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Title: Performance Parameters of Micromechanical Resonators
Keywords: Micromechanical, resonators, bulk-acoustic-mode, oscillators, temperature compensation
Issue Date: 16-Jul-2010
Source: KHINE LYNN (2010-07-16). Performance Parameters of Micromechanical Resonators. ScholarBank@NUS Repository.
Abstract: In this work, performance parameters of various flexural-mode and bulk-acoustic-mode micromechanical resonators are presented. Investigated parameters are quality factor (Q), pressure stability, power handling, nonlinearity, and temperature stability. Resonators studied in this work are electrostatically driven-and-sensed, and they are fabricated in SOIMUMPs process provided by MEMSCAP. The bulk of this work has focused on the study of quality factor. Tested flexural-mode beam resonators can provide Q values in tens of thousands range, but much higher quality factors above one million have been measured for bulk-acoustic-mode resonators. One of the main vibration energy losses for bulk-mode resonators is the losses through the anchor support. The dependence of Q on structural geometry, as well as on the shape of anchor design, is explored in detail for Lame-mode square resonators. Measured results suggest that T-shaped anchor design can improve the Q performance with lower motional resistance compared to straight-beam anchor for supporting bulk-mode resonators. At pressure levels below 100Pa, the quality factor of bulk-mode resonators is measured to be relatively independent of pressure, which can be considered as the threshold pressure. On the other hand for the beam resonators, this threshold pressure is roughly 10Pa. Given the same amount of air damping, bulk-mode resonators with orders of magnitude higher mechanical stiffness can uphold their maximum Q better at higher pressures compared to the beam resonators. Bulk-mode resonators studied in this work are able to handle higher power levels before their vibrations become nonlinear compared to beam resonators, mainly due to orders of magnitude higher energy storage capability. High power handling of bulk-mode resonators is beneficial for oscillator implementation because the combined effect of ultra-high Q and high energy storage capacity can improve both close-to-carrier phase noise and the noise floor of the oscillator. The resonant frequency notably drifts with temperature for silicon resonators. Large amount of resonant frequency shifts with temperature is useful for temperature sensing, but undesirable for frequency references. Hence, a temperature compensation method is required for resonator oscillators. A new idea of temperature compensation is demonstrated with experimental verifications in this work, which is based on frequency mixing of two oscillation signals, and this method has the potential to compensate the frequency shifts in bulk-mode resonators as well.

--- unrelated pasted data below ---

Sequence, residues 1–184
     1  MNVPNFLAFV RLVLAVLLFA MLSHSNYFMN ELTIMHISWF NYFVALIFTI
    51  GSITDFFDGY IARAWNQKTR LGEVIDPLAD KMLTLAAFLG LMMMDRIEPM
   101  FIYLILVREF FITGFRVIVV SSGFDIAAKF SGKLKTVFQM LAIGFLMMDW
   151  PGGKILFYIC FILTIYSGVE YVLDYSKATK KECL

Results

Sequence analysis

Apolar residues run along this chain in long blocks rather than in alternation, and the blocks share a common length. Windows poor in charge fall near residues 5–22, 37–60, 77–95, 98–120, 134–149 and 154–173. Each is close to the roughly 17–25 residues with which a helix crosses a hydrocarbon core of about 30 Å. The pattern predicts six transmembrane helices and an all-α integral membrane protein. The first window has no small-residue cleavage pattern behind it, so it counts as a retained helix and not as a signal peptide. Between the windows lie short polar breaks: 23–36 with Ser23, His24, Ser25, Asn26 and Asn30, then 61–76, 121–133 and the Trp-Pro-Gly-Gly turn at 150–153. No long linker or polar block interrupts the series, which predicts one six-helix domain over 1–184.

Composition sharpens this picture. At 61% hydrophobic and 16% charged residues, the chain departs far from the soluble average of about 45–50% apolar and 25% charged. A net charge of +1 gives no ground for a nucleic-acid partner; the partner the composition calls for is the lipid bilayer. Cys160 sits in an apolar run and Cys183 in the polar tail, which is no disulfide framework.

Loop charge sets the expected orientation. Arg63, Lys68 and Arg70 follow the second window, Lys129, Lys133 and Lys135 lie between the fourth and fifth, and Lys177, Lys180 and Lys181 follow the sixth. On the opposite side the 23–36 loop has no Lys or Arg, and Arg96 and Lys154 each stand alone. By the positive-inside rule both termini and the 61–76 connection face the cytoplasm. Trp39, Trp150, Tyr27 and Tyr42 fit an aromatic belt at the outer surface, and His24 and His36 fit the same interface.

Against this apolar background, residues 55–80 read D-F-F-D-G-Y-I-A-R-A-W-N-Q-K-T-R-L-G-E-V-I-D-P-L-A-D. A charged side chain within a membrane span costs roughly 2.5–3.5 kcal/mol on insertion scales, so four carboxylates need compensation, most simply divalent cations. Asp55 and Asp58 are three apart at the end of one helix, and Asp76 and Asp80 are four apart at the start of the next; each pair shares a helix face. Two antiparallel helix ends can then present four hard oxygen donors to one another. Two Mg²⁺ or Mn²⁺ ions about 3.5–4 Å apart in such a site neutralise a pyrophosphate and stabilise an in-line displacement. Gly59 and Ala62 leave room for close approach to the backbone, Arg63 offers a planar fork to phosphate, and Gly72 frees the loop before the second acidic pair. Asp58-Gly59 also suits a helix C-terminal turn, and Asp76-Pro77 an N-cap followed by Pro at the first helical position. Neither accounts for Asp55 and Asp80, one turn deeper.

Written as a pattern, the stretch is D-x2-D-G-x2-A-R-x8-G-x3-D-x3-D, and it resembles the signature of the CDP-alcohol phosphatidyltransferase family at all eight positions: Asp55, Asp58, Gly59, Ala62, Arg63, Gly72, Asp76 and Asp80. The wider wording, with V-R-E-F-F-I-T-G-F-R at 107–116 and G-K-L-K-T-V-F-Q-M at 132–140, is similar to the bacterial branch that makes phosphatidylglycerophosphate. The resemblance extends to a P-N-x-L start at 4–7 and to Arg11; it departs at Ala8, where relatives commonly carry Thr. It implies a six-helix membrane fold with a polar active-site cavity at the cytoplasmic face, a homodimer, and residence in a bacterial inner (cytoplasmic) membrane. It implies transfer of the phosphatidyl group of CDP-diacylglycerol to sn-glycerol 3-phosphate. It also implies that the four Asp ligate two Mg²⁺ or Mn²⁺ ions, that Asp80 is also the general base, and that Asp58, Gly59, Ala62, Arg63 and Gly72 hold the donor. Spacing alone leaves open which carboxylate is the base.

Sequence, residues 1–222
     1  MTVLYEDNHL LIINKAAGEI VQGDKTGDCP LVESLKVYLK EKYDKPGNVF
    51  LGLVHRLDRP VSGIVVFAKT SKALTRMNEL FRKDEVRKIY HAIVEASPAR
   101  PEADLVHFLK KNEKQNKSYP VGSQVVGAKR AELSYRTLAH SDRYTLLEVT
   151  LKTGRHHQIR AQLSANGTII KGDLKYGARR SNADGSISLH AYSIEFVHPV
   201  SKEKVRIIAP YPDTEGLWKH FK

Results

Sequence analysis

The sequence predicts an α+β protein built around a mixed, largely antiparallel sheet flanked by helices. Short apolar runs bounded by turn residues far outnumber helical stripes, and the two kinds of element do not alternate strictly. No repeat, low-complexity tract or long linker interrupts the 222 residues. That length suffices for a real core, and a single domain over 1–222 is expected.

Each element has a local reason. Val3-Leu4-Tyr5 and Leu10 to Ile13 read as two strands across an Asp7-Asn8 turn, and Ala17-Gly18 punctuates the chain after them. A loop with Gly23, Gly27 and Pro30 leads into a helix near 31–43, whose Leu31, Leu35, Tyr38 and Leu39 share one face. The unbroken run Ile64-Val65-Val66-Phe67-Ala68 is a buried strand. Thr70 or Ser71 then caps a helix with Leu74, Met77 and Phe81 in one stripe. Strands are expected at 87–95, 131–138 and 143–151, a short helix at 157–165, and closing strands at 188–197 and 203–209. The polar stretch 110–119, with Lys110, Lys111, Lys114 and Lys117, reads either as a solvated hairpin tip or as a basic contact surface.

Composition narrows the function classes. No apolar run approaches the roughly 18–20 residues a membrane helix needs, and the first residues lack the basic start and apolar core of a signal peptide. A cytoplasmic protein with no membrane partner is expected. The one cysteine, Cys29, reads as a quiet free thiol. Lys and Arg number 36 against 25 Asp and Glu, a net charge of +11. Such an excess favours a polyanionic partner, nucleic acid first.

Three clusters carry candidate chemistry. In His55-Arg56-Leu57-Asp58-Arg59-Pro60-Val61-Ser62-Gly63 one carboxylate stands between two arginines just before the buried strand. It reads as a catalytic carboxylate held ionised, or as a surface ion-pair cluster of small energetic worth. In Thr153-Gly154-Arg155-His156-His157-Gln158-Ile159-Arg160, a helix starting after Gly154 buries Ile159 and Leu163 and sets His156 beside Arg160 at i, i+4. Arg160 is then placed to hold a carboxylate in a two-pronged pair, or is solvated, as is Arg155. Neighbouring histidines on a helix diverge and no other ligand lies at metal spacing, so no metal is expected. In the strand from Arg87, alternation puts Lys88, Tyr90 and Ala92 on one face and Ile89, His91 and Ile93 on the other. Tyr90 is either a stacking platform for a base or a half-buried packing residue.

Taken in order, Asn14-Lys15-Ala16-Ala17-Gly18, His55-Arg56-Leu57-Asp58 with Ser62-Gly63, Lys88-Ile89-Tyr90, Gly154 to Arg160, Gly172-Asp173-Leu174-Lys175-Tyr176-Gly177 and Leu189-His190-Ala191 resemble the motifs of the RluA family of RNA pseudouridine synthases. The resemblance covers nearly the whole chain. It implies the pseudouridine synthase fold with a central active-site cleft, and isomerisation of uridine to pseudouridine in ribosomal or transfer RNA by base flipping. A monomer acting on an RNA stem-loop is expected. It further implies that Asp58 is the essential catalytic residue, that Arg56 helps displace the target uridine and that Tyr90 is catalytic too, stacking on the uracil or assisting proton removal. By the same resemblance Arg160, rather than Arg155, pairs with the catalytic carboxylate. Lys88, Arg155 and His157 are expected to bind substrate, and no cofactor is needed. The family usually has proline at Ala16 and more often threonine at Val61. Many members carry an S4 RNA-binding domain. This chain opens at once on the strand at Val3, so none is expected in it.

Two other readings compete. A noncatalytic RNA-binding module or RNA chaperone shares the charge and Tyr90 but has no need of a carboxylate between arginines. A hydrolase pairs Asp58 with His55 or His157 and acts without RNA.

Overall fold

Appears in Collections:Ph.D Theses (Open)

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